All of this + picture + sound quality you won't find on modern LCD toys.A SCART Connector (which stands for Syndicat des Constructeurs d'Appareils Radiorécepteurs et Téléviseurs) is a standard for connecting audio-visual equipment together. The official standard for SCART is CENELEC document number EN 50049-1. SCART is also known as Péritel (especially in France) and Euroconnector but the name SCART will be used exclusively herein. The standard defines a 21-pin connector (herein after a SCART connector) for carrying analog television signals. Various pieces of equipment may be connected by cables having a plug fitting the SCART connectors. Television apparatuses commonly include one or more SCART connectors.Although a SCART connector is bidirectional, the present invention is concerned with the use of a SCART connector as an input connector for receiving signals into a television apparatus. A SCART connector can receive input television signals either in an RGB format in which the red, green and blue signals are received on Pins 15, 11 and 7, respectively, or alternatively in an S-Video format in which the luminance (Y) and chroma (C) signals are received on Pins 20 and 15. As a result of the common usage of Pin 15 in accordance with the SCART standard, a SCART connector cannot receive input television signals in an RGB format and in an S-Video format at the same time.Consequently many commercially available television apparatuses include a separate SCART connectors each dedicated to receive input television signals in one of an RGB format and an S-Video format. This limits the functionality of the SCART connectors. In practical terms, the number of SCART connectors which can be provided on a television apparatus is limited by cost and space considerations. However, different users wish the input a wide range of different combinations of formats of television signals, depending on the equipment they personally own and use. However, the provision of SCART connectors dedicated to input television signals in one of an RGB format and an S-Video format limits the overall connectivity of the television apparatus. Furthermore, for many users the different RGB format and S-Video format are confusing. Some users may not understand or may mistake the format of a television signal being supplied on a given cable from a given piece of equipment. This can result in the supply of input television signals of an inappropriate format for the SCART connector concerned.This kind of connector is todays obsoleted !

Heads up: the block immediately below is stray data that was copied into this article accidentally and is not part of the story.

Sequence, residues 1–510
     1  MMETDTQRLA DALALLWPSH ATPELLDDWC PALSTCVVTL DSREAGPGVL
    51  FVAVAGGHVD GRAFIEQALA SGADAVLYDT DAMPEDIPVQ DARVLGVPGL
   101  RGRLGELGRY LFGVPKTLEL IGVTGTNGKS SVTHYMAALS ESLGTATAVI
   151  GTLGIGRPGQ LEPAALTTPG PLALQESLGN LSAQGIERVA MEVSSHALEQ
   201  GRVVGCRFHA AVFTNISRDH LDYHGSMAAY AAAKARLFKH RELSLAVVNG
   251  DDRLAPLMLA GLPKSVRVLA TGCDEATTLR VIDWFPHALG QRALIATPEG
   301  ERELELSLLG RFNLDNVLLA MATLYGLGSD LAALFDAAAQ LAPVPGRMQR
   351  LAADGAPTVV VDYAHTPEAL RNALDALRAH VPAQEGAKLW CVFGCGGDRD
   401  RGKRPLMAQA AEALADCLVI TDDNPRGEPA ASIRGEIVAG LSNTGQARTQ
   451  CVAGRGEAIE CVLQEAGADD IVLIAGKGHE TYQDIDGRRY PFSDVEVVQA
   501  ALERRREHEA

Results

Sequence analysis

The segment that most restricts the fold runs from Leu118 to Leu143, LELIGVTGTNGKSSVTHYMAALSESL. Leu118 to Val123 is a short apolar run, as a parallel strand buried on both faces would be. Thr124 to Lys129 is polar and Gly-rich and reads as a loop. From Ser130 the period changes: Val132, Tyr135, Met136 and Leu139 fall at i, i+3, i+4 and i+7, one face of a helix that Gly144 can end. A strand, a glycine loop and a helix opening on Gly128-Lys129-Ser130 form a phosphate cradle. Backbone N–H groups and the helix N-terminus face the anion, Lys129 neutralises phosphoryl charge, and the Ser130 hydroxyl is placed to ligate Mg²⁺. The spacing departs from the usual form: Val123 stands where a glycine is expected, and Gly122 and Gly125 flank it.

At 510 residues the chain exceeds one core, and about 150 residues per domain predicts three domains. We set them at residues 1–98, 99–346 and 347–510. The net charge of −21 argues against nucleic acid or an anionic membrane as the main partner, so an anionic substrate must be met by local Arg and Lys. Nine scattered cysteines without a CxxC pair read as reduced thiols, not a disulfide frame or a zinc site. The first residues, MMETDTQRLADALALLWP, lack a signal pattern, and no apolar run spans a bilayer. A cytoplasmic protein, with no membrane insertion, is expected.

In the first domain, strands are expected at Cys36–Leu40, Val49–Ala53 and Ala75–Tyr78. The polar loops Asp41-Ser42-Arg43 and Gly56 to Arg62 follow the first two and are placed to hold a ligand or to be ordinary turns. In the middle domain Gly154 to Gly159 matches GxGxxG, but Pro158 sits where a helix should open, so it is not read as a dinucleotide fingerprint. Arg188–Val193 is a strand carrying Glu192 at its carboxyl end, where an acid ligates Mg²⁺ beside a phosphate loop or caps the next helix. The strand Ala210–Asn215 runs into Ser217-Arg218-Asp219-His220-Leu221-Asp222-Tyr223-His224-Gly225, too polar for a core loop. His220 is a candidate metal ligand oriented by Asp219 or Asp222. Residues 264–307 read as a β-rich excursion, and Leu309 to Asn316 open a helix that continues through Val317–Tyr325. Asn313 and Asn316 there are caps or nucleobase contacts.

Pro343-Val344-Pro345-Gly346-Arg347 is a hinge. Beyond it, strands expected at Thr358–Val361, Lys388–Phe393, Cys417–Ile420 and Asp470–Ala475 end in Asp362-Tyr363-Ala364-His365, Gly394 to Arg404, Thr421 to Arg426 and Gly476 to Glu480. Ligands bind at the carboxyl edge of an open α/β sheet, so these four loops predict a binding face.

Times for such types of sets are gone............. forever.
(Anyway it's a Terrific Heavy Weight)